The Stanley Park Ghost Train

Contiuning in my series of posts about Halloween events around abouts where I live we come to the Stanley Park Ghost Train. Now, there are those who say it’s only an event for little children but you seen awful lot of adults traveling alone. It’s nostalgic for me at this point and every year they have a different theme.

So, below is a gallery of some of my favorite photos over many years worth of visits. Please note the photos are taken from a cellphone camera on a very wobby train in the dark.

Fright Nights @ PNE 2019

Now, when it comes to events in British Columbia, Canada where I live often gets the shaft. Our Fan Expo isn’t even compatible to Toronto’s and our yearly exhibition, the PNE is also not even comparable in size and scope to Ontario. However, I do still love the PNE and one other even they have yearly is Fright Nights! A collection of haunted houses, a freak show and lot of different carnival rides.

Memory

So do we pass the ghosts that haunt us later in our lives; they sit undramatically by the roadside like poor beggars, and we see them only from the corners of our eyes, if we see them at all. The idea that they have been waiting there for us rarely crosses our minds. Yet they do wait, and when we have passed, they gather up their bundles of memory and fall in behind, treading in our footsteps and catching up, little by little.

— Stephen King

Resizing LVM

Linux-logo-8EC59678CB-seeklogo.com

Many years ago now stumbling across this information was very useful to me. I figure now that unless it’s passed on again, with my own additional notes, how is the next person going to find it?

One of the great things about installing Linux with LVM (Logical Volume Manager) is that it is ridiculously easy to increase space on a virtual machine. On the platform of your choice add an additional HDD to the virtual machine and then follow these steps:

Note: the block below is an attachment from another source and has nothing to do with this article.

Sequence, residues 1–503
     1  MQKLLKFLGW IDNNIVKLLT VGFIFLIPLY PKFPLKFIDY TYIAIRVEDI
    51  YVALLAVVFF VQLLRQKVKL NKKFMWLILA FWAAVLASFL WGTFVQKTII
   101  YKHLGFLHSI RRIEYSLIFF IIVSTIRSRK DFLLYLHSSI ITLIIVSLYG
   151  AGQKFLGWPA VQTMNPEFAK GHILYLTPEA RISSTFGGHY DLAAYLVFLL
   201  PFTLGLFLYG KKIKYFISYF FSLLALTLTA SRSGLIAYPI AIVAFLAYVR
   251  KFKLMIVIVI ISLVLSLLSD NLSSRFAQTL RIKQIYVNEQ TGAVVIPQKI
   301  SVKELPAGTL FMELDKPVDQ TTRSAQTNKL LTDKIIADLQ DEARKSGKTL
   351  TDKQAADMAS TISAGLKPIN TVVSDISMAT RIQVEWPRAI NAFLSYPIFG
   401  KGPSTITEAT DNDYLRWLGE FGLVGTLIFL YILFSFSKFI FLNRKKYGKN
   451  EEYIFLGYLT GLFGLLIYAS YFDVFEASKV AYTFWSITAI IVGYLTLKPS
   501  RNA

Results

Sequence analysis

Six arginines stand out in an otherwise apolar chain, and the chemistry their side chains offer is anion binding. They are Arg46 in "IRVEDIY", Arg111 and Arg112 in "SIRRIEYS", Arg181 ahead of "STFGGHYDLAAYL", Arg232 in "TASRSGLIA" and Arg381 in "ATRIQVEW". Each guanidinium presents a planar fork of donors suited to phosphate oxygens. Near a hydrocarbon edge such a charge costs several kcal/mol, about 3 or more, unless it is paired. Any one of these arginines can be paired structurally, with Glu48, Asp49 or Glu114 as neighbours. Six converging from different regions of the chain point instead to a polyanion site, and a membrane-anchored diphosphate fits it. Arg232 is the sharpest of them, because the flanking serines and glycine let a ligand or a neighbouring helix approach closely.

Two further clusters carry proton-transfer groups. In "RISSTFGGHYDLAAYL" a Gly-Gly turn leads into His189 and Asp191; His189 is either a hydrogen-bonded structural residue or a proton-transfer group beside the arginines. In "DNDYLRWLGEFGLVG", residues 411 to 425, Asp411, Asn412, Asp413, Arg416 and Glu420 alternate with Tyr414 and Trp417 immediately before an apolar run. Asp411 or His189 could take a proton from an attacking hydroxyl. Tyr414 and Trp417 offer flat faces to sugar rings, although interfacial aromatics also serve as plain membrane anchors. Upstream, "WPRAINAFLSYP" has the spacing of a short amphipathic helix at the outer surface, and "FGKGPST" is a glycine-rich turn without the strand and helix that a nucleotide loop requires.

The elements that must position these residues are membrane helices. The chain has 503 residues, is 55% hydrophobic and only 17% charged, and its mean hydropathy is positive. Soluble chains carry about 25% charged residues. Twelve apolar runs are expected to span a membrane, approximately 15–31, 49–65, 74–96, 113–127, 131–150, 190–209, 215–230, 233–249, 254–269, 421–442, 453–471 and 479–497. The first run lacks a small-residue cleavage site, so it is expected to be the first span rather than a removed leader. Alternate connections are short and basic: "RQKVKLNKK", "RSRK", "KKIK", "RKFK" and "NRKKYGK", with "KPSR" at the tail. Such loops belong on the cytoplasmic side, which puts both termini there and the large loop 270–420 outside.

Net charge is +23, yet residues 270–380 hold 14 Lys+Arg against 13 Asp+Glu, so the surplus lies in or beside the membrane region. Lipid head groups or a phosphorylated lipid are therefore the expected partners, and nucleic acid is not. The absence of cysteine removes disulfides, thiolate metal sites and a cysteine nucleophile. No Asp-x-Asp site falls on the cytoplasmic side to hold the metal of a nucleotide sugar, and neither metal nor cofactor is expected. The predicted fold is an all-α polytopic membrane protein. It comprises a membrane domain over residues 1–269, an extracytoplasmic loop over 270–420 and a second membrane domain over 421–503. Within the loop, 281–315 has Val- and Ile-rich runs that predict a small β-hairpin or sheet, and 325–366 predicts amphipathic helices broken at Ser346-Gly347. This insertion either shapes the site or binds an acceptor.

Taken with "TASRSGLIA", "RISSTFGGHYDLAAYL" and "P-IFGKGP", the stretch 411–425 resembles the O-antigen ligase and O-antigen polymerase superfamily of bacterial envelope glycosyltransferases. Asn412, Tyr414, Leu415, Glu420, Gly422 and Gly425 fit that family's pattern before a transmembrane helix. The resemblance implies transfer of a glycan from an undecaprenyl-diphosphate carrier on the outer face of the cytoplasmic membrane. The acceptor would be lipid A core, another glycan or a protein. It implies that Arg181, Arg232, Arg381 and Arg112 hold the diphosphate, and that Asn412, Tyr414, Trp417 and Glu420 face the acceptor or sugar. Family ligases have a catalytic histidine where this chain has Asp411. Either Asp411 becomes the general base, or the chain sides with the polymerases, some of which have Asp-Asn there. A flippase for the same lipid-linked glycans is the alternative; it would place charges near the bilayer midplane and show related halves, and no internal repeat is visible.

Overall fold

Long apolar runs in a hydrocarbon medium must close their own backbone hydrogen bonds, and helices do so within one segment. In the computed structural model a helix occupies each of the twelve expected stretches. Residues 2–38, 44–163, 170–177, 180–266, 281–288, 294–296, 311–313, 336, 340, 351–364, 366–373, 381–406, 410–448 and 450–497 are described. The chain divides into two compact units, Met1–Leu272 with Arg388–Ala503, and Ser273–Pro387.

First, you need to be sure the system sees the new HDD that has been added. In this example, it is /dev/sdb.

fdisk -l
 
Disk /dev/sda: 42.9 GB, 42949672960 bytes
 255 heads, 63 sectors/track, 5221 cylinders
 Units = cylinders of 16065 * 512 = 8225280 bytes
 
Device Boot Start End Blocks Id System
 /dev/sda1 * 1 666 5345248+ 83 Linux
 Partition 1 does not end on cylinder boundary.
 /dev/sda2 666 5222 36596736 8e Linux LVM

Now that we know /dev/sdb has been found and is the size we expect:

pvcreate /dev/sdb
 Writing physical volume data to disk "/dev/sdb1"
 Physical volume "/dev/sdb1" successfully created

Use the vgs command find out the name of your volume group and then extend it to /dev/sdb:

vgs

VG #PV #LV #SN Attr VSize VFree
vg00 3 10 0 wz--n- 113.91g 34.97g

vgextend vg00 /dev/sdb
Volume group "vg00" successfully extended

Going down the line the next one up is to extend the logical volume:

lvs

LV VG Attr LSize Origin Snap% Move Log Copy% Convert
LogVol00 vg00 -wi-ao 29.06G
LogVol01 vg00 -wi-ao 5.81G 

lvextend -l +100%FREE /dev/vg00/LogVol00vg
Extending logical volume LogVol00 to 49.03 GB
Logical volume LogVol00 successfully resized

Make sure that it sees all the space properly:

lvs

LV VG Attr LSize Origin Snap% Move Log Copy% Convert
LogVol00 vg00 -wi-ao 49.03G
LogVol01 vg00 -wi-ao 5.81G

Now we need to extend the actual filesystem itself and which path you choose depends if your running RHEL/CentOS 6.x or 7.x

For 6.x you would run:

resize2fs /dev/mapper/LogVol-vg00

For 6.x you would run:

xfs_growfx /dev/mapper/LogVol-vg00

This part can take a few seconds, minutes or longer depending upon the size you are undertaking and activity on the server. Again, if this is a highly active server you are going to need a maintenance window, do not try this during the day.